Kim, H.; An, H.-Y., Jeong, J.-H., Kang, Y.-H., Song, S.-K., and Kim, Y.-K., 2019. The causes of sudden windstorm inducing a deadly threat to coastal safety: A case study for the fishing boat overturning on February 28, 2018. In: Lee, J.L.; Yoon, J.-S.; Cho, W.C.; Muin, M., and Lee, J. (eds.), The 3rd International Water Safety Symposium. Journal of Coastal Research, Special Issue No. 91, pp. 61-65. Coconut Creek (Florida), ISSN 0749-0208.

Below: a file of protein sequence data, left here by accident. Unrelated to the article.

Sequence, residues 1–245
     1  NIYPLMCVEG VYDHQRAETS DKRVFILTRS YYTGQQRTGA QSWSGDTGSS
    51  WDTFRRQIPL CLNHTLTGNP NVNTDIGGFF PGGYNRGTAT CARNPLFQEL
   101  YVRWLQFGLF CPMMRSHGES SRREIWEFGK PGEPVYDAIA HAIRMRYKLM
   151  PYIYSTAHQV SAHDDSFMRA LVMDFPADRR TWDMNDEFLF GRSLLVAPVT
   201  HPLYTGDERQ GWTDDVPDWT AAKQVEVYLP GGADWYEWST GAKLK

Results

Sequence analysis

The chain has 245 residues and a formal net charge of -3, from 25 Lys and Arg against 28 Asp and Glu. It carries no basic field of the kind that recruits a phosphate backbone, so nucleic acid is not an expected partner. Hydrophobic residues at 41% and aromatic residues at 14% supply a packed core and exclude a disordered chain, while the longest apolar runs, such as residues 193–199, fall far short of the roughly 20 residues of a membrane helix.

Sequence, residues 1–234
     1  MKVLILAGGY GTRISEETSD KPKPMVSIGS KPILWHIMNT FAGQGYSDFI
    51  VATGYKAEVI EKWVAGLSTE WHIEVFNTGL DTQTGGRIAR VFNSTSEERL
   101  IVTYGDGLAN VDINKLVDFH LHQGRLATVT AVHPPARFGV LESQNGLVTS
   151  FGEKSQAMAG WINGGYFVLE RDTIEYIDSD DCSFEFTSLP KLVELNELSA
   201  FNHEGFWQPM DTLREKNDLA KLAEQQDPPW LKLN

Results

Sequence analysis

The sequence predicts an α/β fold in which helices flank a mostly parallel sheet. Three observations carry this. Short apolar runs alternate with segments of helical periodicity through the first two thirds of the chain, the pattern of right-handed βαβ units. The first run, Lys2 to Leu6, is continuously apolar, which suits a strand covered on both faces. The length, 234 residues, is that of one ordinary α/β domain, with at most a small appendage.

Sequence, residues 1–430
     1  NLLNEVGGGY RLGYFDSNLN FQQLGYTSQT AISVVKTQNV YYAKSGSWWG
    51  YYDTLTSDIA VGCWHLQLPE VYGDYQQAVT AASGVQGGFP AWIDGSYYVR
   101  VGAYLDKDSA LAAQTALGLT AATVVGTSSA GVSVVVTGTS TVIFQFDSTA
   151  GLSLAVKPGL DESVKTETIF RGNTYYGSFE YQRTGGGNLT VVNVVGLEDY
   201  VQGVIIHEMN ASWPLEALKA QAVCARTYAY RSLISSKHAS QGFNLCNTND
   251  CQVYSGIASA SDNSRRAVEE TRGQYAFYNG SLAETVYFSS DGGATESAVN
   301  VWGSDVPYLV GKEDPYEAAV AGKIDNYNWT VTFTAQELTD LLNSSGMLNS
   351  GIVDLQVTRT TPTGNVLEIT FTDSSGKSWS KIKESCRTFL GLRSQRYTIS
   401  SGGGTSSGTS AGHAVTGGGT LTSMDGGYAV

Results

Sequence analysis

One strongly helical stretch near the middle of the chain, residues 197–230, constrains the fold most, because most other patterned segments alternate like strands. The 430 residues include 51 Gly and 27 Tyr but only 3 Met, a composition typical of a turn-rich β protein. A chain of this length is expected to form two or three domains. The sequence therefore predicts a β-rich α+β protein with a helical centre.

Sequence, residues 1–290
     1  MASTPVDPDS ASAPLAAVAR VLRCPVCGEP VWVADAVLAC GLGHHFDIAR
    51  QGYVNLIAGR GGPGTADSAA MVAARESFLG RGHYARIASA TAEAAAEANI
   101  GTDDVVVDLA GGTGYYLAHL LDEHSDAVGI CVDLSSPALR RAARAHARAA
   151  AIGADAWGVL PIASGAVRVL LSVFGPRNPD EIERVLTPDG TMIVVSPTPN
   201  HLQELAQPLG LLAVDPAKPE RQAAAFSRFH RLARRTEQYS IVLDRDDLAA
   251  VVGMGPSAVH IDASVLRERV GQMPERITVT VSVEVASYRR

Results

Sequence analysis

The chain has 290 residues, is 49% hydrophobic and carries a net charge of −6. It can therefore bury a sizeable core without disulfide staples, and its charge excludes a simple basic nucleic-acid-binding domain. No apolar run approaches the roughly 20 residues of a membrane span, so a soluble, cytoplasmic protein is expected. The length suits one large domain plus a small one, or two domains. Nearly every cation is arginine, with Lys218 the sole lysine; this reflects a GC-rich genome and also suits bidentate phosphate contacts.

The incidence of overturning fishing vessels was approximately 2.7% of the total number of incidents involving fishing vessels in 2017, which is much smaller than that of engine failures or collisions, but it cannot be overlooked easily considering the damage scale (property and human life). In particular, after the sinking of the MV Sewol, also referred to as the Sewol Ferry Disaster, in 2014, the ship incident along with the casualties has been a great shock and trauma to the Korean people so far. On the afternoon of February 28, 2018, the fishing boat, Keun-Ryong, overturned in the open sea in front of Wando Island, causing seven casualties (two deaths and five missing persons) that also caused the shockwaves through the social community in Korea. According to media reports, the national coast guard deduced that the fishing vessel faced an unexpected condition and the crews could not press the distress signal button. In addition, bad weather condition due to wind gusts was considered the main cause. The instantaneous maximum wind speed in the shore near the accident area reached 20.7 m/s, but the quantitative wind speed at the accident spot was not known due to the absence of weather observations. To determine if a strong wind gust can overturn a fishing boat and to overcome the limitation due to the absence of weather observations in the open sea, high-resolution modelling was carried out using the WRF model in this study. A range of observation data were used to verify the model prediction as well as performance and to analyze the atmospheric instability between the upper and lower levels. Efforts need to be made prevent such accidents from recurring by predicting when similar weather conditions occur in the future.